Related topics

HP launches siamese-twin server blade

Because two CPUs are denser than one

fingers pointing at man

Hewlett-Packard has devised a siamese-twin CPU server blade for those monstrous data centers with nowhere to spread out.

HP pitches its new ProLiant BL2x220c G5 as the first blade with two independent servers combined into a single blade enclosure. The twofer is intended for large "scale-out" operations that require massive computing power, but have limited floor space or don't want to pony up to build a new site. That covers the entire Web 2.0, cloud, and high performance computing (HPC) racket by HP's estimations.

The server blade uses two Intel Xeon 5400 series quad core chips, or two Intel Xeon 5200 series Dual cores. Each enclosure hosts 8GB memory (4GB per server) standard and a maximum of 16GB RAM. Each server node has internal drive support for a 2.5" 120GB SATA drive.

With two servers per slot, it fits up to 32 server nodes per HP BladeSystem c7000 enclosure or 16 per c3000 enclosure. It scales up to 128 servers, so HP muses that means 1,024 CPU cores and two terabytes of RAM in a single 42U rack. We'll oblige the math since it is, in fact, pretty darn dense.

On the power consumption side, HP claims the blade server has 60 per cent better performance per watt than a cluster of Dell PowerEdge M600 servers.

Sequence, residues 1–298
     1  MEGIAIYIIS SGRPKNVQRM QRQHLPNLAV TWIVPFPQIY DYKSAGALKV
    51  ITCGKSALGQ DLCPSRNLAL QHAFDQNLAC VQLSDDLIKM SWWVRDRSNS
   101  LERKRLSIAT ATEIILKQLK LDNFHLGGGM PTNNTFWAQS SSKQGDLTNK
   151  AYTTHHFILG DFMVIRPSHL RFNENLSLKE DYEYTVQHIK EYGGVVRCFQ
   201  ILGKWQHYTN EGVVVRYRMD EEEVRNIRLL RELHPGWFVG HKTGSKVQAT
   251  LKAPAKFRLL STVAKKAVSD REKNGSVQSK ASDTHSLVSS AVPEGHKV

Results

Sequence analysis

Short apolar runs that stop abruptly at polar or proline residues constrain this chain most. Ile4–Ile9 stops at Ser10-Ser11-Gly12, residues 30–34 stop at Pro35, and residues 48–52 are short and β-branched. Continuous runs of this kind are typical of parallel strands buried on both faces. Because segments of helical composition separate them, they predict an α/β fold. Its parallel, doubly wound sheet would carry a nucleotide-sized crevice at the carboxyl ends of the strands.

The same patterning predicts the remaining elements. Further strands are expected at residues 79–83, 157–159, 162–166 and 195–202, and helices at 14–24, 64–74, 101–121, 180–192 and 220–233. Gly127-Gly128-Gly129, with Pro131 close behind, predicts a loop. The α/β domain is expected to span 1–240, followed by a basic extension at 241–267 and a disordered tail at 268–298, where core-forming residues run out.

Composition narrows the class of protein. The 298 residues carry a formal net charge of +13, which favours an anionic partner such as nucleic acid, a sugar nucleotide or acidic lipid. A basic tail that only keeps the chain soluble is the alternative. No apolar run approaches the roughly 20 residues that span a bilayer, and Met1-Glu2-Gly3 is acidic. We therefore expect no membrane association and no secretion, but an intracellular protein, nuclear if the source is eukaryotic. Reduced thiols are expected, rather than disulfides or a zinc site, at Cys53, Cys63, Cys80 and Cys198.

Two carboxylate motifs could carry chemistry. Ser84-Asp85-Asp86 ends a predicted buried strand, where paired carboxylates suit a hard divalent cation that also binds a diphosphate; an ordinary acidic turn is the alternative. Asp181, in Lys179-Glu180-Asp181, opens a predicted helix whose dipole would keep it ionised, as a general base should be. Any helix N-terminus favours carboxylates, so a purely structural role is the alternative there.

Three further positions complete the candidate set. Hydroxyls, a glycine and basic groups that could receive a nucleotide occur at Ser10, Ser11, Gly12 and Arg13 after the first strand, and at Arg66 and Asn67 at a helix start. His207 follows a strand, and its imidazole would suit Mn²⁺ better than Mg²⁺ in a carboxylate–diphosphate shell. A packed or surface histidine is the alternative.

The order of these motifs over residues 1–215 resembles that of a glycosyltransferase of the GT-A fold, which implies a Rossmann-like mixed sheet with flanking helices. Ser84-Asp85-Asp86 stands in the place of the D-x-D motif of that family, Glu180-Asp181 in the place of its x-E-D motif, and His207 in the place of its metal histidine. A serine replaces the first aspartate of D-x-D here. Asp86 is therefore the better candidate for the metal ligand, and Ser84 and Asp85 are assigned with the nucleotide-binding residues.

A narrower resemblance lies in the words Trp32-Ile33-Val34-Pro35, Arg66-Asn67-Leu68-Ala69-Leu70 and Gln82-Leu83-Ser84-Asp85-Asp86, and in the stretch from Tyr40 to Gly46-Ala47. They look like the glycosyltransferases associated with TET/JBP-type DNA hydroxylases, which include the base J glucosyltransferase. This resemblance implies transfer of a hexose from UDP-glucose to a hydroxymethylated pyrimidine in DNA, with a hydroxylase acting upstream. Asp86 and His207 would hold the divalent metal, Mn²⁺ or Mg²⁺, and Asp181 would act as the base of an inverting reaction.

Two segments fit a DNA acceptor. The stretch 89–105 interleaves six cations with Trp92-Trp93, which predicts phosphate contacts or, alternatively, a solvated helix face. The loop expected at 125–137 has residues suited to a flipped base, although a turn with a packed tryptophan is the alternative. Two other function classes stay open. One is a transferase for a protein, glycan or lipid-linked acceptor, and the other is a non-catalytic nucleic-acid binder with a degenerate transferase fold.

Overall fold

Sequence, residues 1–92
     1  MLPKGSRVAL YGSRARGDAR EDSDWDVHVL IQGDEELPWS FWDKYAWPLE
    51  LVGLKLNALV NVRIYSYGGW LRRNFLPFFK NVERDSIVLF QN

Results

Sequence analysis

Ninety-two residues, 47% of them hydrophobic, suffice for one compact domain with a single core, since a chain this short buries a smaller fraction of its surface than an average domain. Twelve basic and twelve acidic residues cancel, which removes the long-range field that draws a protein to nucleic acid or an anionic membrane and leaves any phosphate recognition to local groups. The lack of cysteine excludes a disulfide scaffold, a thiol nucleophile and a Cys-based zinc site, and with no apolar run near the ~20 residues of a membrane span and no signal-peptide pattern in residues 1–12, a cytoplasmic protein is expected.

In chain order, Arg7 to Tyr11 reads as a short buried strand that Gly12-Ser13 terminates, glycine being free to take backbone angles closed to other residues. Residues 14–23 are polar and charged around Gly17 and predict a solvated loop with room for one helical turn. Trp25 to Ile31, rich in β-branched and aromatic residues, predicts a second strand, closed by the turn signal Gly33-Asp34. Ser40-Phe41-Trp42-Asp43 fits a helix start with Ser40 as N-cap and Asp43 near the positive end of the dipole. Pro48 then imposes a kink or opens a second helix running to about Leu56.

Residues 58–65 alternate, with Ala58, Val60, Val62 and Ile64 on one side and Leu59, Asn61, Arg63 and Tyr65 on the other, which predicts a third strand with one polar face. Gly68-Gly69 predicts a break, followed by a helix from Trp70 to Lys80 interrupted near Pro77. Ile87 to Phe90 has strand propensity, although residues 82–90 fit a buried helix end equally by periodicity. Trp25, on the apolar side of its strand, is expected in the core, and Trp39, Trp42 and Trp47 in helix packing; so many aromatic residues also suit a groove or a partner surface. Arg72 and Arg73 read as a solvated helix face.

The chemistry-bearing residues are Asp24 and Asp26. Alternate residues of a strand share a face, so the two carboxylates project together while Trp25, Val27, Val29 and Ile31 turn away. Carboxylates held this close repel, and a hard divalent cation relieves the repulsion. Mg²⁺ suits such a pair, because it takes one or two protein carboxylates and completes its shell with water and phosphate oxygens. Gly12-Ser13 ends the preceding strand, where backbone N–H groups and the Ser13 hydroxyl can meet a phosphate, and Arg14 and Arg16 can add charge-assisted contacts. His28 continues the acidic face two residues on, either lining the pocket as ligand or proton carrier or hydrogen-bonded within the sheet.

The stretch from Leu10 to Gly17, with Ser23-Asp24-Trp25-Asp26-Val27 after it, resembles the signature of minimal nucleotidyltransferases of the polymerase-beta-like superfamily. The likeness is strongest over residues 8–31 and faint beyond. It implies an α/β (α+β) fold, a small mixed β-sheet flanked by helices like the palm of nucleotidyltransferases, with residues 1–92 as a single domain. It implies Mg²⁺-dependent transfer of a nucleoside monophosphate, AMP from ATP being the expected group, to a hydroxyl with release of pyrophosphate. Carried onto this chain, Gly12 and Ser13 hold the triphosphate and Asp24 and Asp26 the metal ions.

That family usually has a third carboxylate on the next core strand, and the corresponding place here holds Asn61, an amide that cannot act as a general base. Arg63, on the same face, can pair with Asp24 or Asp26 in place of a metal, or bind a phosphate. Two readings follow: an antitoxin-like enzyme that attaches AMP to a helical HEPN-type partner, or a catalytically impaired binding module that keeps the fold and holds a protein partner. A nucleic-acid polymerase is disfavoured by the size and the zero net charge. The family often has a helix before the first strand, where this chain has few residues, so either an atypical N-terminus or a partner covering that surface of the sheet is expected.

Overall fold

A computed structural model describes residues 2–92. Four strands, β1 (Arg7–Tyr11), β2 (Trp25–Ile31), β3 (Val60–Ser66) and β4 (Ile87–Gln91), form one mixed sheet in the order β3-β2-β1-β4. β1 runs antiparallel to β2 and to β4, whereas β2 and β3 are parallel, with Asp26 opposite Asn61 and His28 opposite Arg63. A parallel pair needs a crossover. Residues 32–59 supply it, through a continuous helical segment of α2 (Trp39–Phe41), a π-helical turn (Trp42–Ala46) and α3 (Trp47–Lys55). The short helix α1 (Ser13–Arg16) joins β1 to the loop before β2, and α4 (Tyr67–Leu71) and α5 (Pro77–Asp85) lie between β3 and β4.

Features include change-ready connectivity through dual Gigabit Ethernet network interface cards and HP Virtual Connect. There's also optional x8 PCI-Express mezzanine socket supporting 4x double data rate InfiniBand fabric for low latency and high bandwidth.

The HP ProLiant BL2x220c G5 is available now starting at a US price of $6,349.

So according to Mark Potter, veep of HP's BladeSystem operations, the new blade server is great for data centers with limited space. And speaking of limited space — where's HP in this whole data center in a shipping container brouhaha? We've seen Sun, Dell, IBM and Rackable in the game. Where for art thou, Aitch Pee?

"You can expect HP will have an industry leading roadmap," said Potter. "A couple of weeks ago we launched the StorageWorks 9100 Extreme Data Storage system — and this announcement is a part of that rolling thunder. Stay tuned, you'll see a lot more."

Ok, well that doesn't exactly...

"I wish I could tell you more," said Potter.

Fine. There you have it folks. ®

Sponsored: Designing and building an open ITOA architecture